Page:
(LAUGHTER)

L HARRIS: This is certainly fun. It's very, very fun. I'm not always in the mood for it. But when I am, it's really, really fun.

THOMPSON: It sounds like I'm more or less on the same page with you guys in terms of coming into this record more of a .Paak fan than a Mars fan. Like Aisha, I kind of came to appreciate Bruno Mars somewhat slowly. I really wasn't into his early work. I originally tagged this guy - and I've probably - I'm sure I've said this on the show before. But I have thought of Bruno Mars as the leader of the Bruno Mars rock and soul revue for Carnival Cruise.

(LAUGHTER)

THOMPSON: And when he first came out, that's really what he felt like to me. He was just this very, very game, try-hard showman. And I think he's come into his own. He's kind of figured out who he wants to be. And as Aisha said, a lot of that is, like, putting together pastiches of older styles and kind of freshening them up in interesting ways. And that's certainly what he's doing here. I actively love .Paak and have really, really liked his records. And if you haven't seen his record-setting Tiny Desk Concert that has been viewed 80 million times...

A HARRIS: A classic, a classic.

THOMPSON: It's really saying something that of all the Tiny Desk Concerts we've done, that is the one that has had the most views and really speaks to just the amount of showmanship that he brings. This record, for me, it's really interesting. I've been thinking about the slightness of this record that you guys are referring to. There's an intro, and then it's eight songs in about 30 minutes. And to me, I really view that slightness as a strength. I think that if this record were 60 minutes long, I would probably hate it.

L HARRIS: Yeah.

A HARRIS: Yes.

THOMPSON: But I think the fact that it kind of gets in and out, it doesn't all sound the same, it's playing around with a few different sounds and approaches and styles and speeds, and it kind of moves - I mean, the fact that it's called "An Evening With Silk Sonic," it's a pretty short evening.

(LAUGHTER)

THOMPSON: And - which I think is probably true to life. But I think that that kind of works for it here. And so I found it growing on me. I will say, like, one of the first words that popped into my mind hearing this record was perfectionist. You know, these guys are perfectionists in everything they do. But really, the first word that popped into my head when I heard this record was smarmy.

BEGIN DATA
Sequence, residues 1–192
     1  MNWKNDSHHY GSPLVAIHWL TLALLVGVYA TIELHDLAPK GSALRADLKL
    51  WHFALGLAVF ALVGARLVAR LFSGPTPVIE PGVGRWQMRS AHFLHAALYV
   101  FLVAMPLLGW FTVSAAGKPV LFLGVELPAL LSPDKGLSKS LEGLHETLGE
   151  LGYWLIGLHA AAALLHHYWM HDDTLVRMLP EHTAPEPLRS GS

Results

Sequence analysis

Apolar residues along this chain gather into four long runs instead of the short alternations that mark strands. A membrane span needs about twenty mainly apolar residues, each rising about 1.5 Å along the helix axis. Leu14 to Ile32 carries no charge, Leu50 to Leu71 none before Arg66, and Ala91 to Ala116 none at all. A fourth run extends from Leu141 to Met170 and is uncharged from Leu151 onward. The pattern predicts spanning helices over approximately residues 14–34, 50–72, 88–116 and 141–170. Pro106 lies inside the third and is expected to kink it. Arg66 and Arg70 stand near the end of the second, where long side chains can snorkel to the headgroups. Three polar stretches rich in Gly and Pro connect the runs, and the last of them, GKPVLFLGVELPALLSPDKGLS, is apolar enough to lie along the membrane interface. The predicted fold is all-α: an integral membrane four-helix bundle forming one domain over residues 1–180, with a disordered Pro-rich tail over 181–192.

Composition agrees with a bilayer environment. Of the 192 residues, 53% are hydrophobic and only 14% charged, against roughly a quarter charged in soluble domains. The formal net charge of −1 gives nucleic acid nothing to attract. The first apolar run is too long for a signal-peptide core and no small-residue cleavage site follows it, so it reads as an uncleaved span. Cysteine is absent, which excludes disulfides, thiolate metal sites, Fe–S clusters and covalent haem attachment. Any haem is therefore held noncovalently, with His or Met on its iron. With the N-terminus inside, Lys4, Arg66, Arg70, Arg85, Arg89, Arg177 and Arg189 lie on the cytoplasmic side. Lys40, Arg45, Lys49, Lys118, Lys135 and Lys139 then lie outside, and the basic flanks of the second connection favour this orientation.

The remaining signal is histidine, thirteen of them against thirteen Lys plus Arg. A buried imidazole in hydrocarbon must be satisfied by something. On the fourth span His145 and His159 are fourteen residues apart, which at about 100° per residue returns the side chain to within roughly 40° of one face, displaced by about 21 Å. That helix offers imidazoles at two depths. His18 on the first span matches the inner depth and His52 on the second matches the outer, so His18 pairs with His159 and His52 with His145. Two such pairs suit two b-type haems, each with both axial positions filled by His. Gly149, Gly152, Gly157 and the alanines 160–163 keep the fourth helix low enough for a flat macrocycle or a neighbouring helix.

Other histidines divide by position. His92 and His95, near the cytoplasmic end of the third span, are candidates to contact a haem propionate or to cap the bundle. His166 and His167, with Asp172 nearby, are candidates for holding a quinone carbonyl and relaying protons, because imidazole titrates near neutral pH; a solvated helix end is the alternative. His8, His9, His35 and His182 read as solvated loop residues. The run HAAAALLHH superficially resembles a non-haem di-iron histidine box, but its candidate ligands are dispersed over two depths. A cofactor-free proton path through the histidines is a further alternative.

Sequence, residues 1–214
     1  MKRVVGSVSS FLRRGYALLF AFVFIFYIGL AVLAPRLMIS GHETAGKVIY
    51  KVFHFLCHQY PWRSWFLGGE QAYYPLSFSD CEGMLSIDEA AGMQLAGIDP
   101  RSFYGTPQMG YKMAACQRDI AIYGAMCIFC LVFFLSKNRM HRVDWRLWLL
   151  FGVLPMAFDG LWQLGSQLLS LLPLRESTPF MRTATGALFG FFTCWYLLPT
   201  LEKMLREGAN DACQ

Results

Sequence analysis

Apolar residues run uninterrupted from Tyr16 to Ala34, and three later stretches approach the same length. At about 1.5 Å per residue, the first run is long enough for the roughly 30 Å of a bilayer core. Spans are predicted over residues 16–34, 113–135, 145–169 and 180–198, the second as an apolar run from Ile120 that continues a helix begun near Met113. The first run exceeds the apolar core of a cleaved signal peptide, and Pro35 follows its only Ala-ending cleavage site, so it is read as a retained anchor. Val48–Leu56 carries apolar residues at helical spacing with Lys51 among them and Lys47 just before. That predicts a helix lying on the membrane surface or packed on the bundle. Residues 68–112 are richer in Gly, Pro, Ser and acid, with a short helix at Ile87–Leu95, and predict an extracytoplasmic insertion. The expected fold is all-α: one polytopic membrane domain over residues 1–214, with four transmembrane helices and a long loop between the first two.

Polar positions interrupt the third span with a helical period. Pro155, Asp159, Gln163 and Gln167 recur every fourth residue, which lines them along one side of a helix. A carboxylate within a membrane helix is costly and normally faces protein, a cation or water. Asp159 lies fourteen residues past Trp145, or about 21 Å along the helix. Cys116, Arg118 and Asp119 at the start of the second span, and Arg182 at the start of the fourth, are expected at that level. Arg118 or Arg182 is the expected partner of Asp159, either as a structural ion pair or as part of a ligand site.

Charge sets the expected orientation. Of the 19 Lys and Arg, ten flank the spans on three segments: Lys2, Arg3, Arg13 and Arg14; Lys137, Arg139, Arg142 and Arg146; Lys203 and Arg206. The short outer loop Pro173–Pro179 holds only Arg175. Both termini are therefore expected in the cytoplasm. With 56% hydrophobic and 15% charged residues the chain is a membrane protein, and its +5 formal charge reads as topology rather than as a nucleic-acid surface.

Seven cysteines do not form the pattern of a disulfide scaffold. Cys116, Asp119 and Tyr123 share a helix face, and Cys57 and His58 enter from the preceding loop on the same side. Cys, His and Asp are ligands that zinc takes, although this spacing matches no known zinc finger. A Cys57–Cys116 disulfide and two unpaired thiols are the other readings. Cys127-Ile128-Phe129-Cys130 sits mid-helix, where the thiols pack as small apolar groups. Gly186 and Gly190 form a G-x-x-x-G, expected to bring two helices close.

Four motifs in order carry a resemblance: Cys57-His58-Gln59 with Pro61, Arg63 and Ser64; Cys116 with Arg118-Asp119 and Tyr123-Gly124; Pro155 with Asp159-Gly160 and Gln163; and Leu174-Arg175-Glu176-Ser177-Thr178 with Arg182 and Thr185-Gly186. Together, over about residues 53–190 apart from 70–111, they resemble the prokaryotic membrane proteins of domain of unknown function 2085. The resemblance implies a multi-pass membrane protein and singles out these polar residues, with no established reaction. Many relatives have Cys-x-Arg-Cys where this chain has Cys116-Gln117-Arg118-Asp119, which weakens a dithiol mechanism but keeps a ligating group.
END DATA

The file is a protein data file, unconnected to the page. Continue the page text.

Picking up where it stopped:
A HARRIS: Oh, that's a great word. It's true.

THOMPSON: It is a little hard to get past the smarm. And if you've heard "Leave The Door Open," which if you're listening to this, I'm sure you already have a million times - it's been a hit pretty much all year - it is really leaning hard into the smarm.

L HARRIS: You know, you thinking about how smarmy it is, Stephen, reminds me that, like, what's really missing from this record is, like, sexiness. I think this is, like, the least sexy (laughter) adaptation of funk music ever.

(LAUGHTER)

L HARRIS: That line from "Smokin Out The Window" when he's like, she was gripping on me tight, screaming Hercules - that is so unsexy.

(LAUGHTER)

THOMPSON: Let's hear that moment. It's worth visiting as we're talking about it.

(SOUNDBITE OF SONG, "SMOKIN OUT THE WINDOW")

SILK SONIC: (Singing) Ooh. Just the other night, she was gripping on me tight, screaming Hercules - Hercules, Hercules.

(LAUGHTER)

THOMPSON: Who among us, really...

(LAUGHTER)

L HARRIS: That's just, like, so unsexy. I get the reference, obviously. And I get how they want to make it, like, this, like, cute, tongue-in-cheek - like, oh, look at us; we're so fun. But it just, like, takes away all the drip from what objectively could be a very cool and, like, fly album. But I think that, like, unsexiness, like, just really sends it home on, like, the hilarity of it. Like, it's just something to laugh at more than it is to, like, vibe with.

(LAUGHTER)

A HARRIS: Yeah.

L HARRIS: But laughing is still fun, too.

A HARRIS: Absolutely. I kind of want to push back on the idea that this is more of a Bruno project than an Anderson .Paak project.

L HARRIS: Please.

A HARRIS: At least in the sense that - I think that when it comes to the smarminess and the joking and the constant winking that's happening on these songs, yes, that is very much Bruno Mars, a little bit less Anderson because I think Anderson on his own is just cooler, generally.

THOMPSON: (Laughter).

A HARRIS: But Anderson has been kind of dipping into these styles for a while now. Like, his last album, "Ventura," he has a song with Smokey Robinson. It could have fit easily onto this record.

(SOUNDBITE OF SONG, "MAKE IT BETTER")

ANDERSON PAAK AND SMOKEY ROBINSON: (Singing) Oh, baby, do you want to make it better? Do you want to stay together?

A HARRIS: Like, it's very - that song has a very - groove to it. It feels like sort of late '70s, early '80s Smokey Robinson. And even his side project, NxWorries, which is probably my favorite iteration of Anderson .Paak - and that's a collaboration with the producer Knxwledge - they're pulling from, like, so many references to classic soul songs and those things. So I feel like - it still feels to me like an Anderson album, but the over-the-top cheesiness just is all Bruno.